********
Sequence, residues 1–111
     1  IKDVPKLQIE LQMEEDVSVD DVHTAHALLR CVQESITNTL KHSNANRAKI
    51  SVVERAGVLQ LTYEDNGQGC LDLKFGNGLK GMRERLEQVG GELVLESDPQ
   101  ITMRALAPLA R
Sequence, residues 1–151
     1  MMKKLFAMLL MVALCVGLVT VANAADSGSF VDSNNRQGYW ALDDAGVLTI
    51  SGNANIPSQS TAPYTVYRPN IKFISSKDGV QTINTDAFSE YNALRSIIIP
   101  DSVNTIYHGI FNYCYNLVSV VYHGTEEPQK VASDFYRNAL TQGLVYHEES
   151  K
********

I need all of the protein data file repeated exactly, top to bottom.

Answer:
Sequence, residues 1–111
     1  IKDVPKLQIE LQMEEDVSVD DVHTAHALLR CVQESITNTL KHSNANRAKI
    51  SVVERAGVLQ LTYEDNGQGC LDLKFGNGLK GMRERLEQVG GELVLESDPQ
   101  ITMRALAPLA R
Sequence, residues 1–151
     1  MMKKLFAMLL MVALCVGLVT VANAADSGSF VDSNNRQGYW ALDDAGVLTI
    51  SGNANIPSQS TAPYTVYRPN IKFISSKDGV QTINTDAFSE YNALRSIIIP
   101  DSVNTIYHGI FNYCYNLVSV VYHGTEEPQK VASDFYRNAL TQGLVYHEES
   151  K